Dedicated diabetes service is based in Spalding

Simon Temple
Simon Temple

by SIMON TEMPLE, Lincolnshire Community Health Services’ Head of Clinical Services for South East Lincolnshire

According to national charity Diabetes UK, there are 3.2million people in the UK who have been diagnosed with diabetes.

Three people die from diabetes-related problems every hour and 100 toe, foot and lower limb amputations a week are caused by diabetes.

Diabetes is the leading cause of blindness in people of working age in the UK and 10 per cent of the NHS budget is currently spent on diabetes.

So, how do we support you locally in South Holland? Lincolnshire Community Health Services NHS Trust (LCHS) has a dedicated Community Diabetes Service based at Spalding’s Johnson Community Hospital for adults with Type 2 diabetes.

Type 2 diabetes normally occurs in people above the age of 40. It develops when the insulin-producing cells in the body are unable to produce enough insulin or when the insulin that is produced does not work properly.

Type 1 diabetes develops in people normally below the age of 40 and occurs when the insulin –producing cells in the body have been destroyed and the body is unable to produce any insulin.

After getting a diagnosis of diabetes it is important to take control and manage the diabetes with diet, exercise and correct medication.

Our community team’s SPOTLIGHT course helps with this.

The course is held every month at the Johnson Community Hospital and is run in two parts over two months.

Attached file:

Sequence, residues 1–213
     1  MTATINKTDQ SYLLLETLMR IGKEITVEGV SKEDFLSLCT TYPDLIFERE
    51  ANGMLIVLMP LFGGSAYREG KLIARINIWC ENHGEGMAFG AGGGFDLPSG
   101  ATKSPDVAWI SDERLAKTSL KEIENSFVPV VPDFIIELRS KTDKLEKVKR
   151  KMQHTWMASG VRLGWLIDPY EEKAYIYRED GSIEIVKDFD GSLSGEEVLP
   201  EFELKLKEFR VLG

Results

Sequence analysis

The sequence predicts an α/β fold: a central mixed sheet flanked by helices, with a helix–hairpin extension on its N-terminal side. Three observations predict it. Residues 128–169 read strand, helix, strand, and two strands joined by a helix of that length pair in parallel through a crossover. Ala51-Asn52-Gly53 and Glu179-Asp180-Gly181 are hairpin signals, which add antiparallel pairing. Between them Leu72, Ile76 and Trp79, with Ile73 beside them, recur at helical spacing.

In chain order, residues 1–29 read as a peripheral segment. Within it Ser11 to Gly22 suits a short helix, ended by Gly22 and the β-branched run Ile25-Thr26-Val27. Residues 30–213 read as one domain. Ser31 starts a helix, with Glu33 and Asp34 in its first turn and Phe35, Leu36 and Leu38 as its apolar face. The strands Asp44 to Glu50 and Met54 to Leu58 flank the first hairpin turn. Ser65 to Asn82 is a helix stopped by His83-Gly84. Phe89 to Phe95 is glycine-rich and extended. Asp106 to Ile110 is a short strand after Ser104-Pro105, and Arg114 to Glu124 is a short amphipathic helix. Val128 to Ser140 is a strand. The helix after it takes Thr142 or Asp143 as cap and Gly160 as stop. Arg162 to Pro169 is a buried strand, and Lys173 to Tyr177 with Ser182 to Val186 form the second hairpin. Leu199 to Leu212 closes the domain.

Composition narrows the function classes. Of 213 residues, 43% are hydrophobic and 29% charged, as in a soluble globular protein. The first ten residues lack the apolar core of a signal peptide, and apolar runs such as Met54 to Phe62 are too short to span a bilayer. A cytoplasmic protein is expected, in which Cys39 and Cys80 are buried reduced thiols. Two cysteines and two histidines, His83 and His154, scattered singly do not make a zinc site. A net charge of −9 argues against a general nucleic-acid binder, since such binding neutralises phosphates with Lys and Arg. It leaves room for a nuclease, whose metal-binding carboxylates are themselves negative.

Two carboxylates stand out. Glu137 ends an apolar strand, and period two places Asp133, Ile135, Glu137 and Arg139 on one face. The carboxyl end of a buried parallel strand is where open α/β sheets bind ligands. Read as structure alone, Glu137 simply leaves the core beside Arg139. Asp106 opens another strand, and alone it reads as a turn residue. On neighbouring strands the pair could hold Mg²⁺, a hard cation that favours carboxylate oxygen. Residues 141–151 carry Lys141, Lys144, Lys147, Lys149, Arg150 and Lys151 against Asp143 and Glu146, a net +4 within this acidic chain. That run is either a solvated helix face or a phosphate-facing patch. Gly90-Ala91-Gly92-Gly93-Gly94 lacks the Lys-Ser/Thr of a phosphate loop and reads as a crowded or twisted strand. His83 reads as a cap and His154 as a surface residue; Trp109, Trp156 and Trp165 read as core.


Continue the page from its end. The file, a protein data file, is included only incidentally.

The first session is run by the diabetes dietician and covers healthy eating and lifestyle.

The second session covers all other aspects of diabetes management, including advice on taking medication, blood glucose testing, recognising and managing when blood glucose levels go too low and managing diabetes when you are unwell.

The education session is run as a group session, so there is the opportunity to meet other people with diabetes and opportunity to ask questions. Referral to these education sessions is through your GP.

The Community Diabetes Service also supports people who have had Type 2 diabetes over a longer period of time who are having difficulty with controlling blood glucose levels.

Weekly clinics are held at the Johnson Community Hospital, led by the diabetes nurses.

There is also a dietician attached to the service who holds monthly clinics and a GP with special interest in diabetes who attends once a month. Home visits can be arranged for those unable to attend the clinics.

There is currently no cure for diabetes, but with living a healthy lifestyle and having appropriate treatment can mean those affected by it are able to live full active lives.

n Thank you to Sally Johnson for contributing to this month’s column.





Health Services’

Head of Clinical Services for South East Lincolnshire